John Smith Clarke died on 30th January 1959.

Tuesday, 7 July 2009

Wales and the Spanish Civil War

A truly great documentary, “Wales and the Spanish Civil War”:

Monday, 6 July 2009

Lewis Jones and Will Paynter: The Story of two Welsh Communists.

Lewis Jones (b.1897) and Will Paynter (b. 1903) were two Welsh miners who were members of the Communist Party of Great Britain. Both men suffered from victimization after their involvement in the 1926 General Strike. This resulted in them both playing active roles in the National Unemployed Workers' Movement (NUWM).

Jones eventually became the Welsh organiser of the NUWM. He toured the country making speeches and Douglas Hyde was one of those who was converted to communism after hearing him speak in Bristol. Hywel Francis argues that Jones "was even capable of holding an audience of over a thousand people for two and a half with his lecture" on the "Social Significance of Sin".

Billy Griffiths, a fellow member of the Communist Party of Great Britain, later claimed: "His main quality I think was love of people and compassion, it superseded everything else. I have seen Lewis... sitting down listening to two old people telling him about their troubles, and tears running down his cheeks. That's the kind of man he was, he felt it, it was for him more than logic... You see it was more important than the politics, [it] was the humanism and compassion... it was this that people loved about him."

In 1935 Jones was sent by the CPGB to attend the Seventh World Congress of the Communist International in Moscow. Jones rejected the "cult of personality" and refused to join in the standing ovation when Joseph Stalin entered the hall. Jones was sent home in disgrace and was later disciplined by the CPGB.

Paynter on the other hand was willing to go along with the policy handed-down from Moscow. In July 1936 Paynter was appointed as Communist Party of Great Britain organizer for Wales.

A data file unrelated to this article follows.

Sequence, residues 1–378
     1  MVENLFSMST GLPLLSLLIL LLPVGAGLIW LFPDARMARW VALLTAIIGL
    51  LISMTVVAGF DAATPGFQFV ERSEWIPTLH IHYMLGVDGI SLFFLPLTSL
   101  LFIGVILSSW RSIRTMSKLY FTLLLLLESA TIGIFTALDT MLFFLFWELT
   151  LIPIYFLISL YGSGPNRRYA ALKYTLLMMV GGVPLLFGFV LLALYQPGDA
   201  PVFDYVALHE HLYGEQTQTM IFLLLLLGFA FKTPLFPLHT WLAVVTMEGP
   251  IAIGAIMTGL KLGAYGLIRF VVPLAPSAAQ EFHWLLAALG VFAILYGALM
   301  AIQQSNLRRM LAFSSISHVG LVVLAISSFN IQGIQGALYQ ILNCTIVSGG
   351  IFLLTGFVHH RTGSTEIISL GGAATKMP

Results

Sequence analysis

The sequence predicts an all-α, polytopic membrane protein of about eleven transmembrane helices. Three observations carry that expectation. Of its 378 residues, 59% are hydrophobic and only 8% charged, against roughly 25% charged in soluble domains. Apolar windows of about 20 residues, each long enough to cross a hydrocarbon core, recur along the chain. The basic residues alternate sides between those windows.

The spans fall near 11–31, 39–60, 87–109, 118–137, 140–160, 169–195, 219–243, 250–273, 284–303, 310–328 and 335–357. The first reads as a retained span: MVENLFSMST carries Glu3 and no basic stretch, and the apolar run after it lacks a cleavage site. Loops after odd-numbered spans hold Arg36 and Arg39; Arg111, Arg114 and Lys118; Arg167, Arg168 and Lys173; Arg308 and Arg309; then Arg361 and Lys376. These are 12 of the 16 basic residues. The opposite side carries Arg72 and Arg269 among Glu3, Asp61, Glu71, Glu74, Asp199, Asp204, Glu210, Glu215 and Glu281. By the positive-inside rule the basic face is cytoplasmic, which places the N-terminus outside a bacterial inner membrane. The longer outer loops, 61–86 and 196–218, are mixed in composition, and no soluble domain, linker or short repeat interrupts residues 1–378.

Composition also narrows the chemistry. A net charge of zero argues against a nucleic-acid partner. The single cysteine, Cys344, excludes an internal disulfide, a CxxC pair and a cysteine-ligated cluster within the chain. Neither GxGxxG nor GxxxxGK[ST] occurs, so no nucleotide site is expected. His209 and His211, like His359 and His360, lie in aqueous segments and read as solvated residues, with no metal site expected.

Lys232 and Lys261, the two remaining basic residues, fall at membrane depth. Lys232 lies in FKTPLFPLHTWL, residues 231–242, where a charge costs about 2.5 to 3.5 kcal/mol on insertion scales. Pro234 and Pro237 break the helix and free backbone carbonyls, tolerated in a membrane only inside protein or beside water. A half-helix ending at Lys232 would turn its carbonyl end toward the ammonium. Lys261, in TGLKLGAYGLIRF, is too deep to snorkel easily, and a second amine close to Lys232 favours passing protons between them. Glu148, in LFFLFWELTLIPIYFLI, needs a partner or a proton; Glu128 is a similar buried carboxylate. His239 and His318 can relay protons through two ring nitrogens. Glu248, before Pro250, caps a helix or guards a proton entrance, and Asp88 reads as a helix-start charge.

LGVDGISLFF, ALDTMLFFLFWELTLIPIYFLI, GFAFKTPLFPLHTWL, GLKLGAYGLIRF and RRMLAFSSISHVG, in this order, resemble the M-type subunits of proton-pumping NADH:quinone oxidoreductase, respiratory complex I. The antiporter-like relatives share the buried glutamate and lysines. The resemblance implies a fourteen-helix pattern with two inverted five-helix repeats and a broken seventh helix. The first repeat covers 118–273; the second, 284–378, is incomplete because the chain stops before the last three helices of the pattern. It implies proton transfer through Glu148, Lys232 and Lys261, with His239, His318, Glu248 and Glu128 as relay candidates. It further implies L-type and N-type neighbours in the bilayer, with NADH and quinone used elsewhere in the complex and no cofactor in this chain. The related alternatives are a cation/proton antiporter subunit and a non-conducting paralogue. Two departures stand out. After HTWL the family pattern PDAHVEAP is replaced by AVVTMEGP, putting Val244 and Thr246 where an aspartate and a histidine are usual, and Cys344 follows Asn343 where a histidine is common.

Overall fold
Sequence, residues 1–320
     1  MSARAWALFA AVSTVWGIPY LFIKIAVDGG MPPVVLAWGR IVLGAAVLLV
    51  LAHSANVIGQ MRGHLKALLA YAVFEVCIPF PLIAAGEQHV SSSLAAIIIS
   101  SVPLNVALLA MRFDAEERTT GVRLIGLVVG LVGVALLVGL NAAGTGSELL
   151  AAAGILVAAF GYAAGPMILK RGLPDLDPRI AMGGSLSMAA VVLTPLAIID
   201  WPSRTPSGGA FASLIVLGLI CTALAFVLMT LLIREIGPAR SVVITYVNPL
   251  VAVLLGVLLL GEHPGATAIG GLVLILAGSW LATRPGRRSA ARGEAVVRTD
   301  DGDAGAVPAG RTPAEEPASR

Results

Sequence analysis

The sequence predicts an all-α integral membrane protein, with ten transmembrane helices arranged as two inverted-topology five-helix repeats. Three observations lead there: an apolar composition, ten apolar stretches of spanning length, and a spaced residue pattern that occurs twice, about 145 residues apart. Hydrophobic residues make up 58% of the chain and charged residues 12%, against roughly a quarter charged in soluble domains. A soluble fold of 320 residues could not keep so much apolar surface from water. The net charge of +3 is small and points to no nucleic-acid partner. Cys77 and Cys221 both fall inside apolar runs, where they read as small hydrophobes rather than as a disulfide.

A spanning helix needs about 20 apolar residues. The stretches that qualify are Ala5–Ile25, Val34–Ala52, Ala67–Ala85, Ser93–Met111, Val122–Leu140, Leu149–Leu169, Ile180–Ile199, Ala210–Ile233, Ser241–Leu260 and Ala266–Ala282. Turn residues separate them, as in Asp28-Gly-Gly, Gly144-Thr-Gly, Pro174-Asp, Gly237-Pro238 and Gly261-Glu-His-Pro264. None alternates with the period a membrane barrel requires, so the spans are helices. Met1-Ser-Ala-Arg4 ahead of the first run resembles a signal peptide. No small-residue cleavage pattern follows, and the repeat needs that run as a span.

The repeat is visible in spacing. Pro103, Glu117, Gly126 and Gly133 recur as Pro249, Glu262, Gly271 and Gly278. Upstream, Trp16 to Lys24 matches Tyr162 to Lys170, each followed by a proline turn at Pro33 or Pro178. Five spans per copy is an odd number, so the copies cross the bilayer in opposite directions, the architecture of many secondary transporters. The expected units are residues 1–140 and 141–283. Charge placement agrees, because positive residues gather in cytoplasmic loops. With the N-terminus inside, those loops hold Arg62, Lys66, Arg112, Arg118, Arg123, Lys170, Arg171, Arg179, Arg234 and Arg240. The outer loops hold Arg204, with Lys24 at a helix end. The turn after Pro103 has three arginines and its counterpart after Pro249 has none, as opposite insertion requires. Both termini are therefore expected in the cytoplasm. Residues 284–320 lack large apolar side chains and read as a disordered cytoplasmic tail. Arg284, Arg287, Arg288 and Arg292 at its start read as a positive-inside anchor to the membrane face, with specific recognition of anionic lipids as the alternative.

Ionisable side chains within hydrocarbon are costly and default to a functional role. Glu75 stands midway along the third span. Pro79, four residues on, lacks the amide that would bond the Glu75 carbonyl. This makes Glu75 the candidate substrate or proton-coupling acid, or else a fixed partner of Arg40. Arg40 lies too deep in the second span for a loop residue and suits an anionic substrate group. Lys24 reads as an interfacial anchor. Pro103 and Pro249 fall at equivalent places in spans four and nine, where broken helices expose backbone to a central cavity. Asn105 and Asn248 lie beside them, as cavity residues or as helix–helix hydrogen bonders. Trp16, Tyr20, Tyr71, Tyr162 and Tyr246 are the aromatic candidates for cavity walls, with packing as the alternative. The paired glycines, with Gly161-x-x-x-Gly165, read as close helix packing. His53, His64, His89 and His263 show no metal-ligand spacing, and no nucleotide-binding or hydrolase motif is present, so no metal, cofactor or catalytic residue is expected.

Both Jones and Paynter were involved in the recruitment of men to fight for the International Brigades in the Spanish Civil War. In March 1937 he was sent to Spain to look after the interests of the British Battalion. Paynter's main task was to provide political and emotional support for those members of the Communist Party of Great Britain fighting in Spain. As he pointed out in My Generation (1972): "The penalty for desertion is harsh in any army, especially in wartime. Together with representatives of the American battalions, whose problems were similar to ours, we pressed the Brigade command to set up a centre where those whose morale had fallen could be rehabilitated. We emphasized, too, that military weakness in supporting organizations had contributed to the problem. Eventually the command agreed and a camp was created where men in the same plight were brought together from the various battalions in an effort to rehabilitate them."

Lewis Jones was considered the most important recruitment sergeant in the CPGB. It was later reported that there were "170 volunteers from Wales, and 116 of them came from the mining industry, around 25 per cent of them union officials at pit level... The average age was over thirty and 18 per cent of the Welsh volunteers were married." The South Wales miners provided the largest regional occupational group in the British Battalion.

Jones eventually became disillusioned by the waste of life that was taking place. Lewis continued to campaign for funds but he refused to continue to recruit men to fight in the British Battalion. He told his friend Billy Griffiths that he no longer had the right to "get the young boys to go there and die."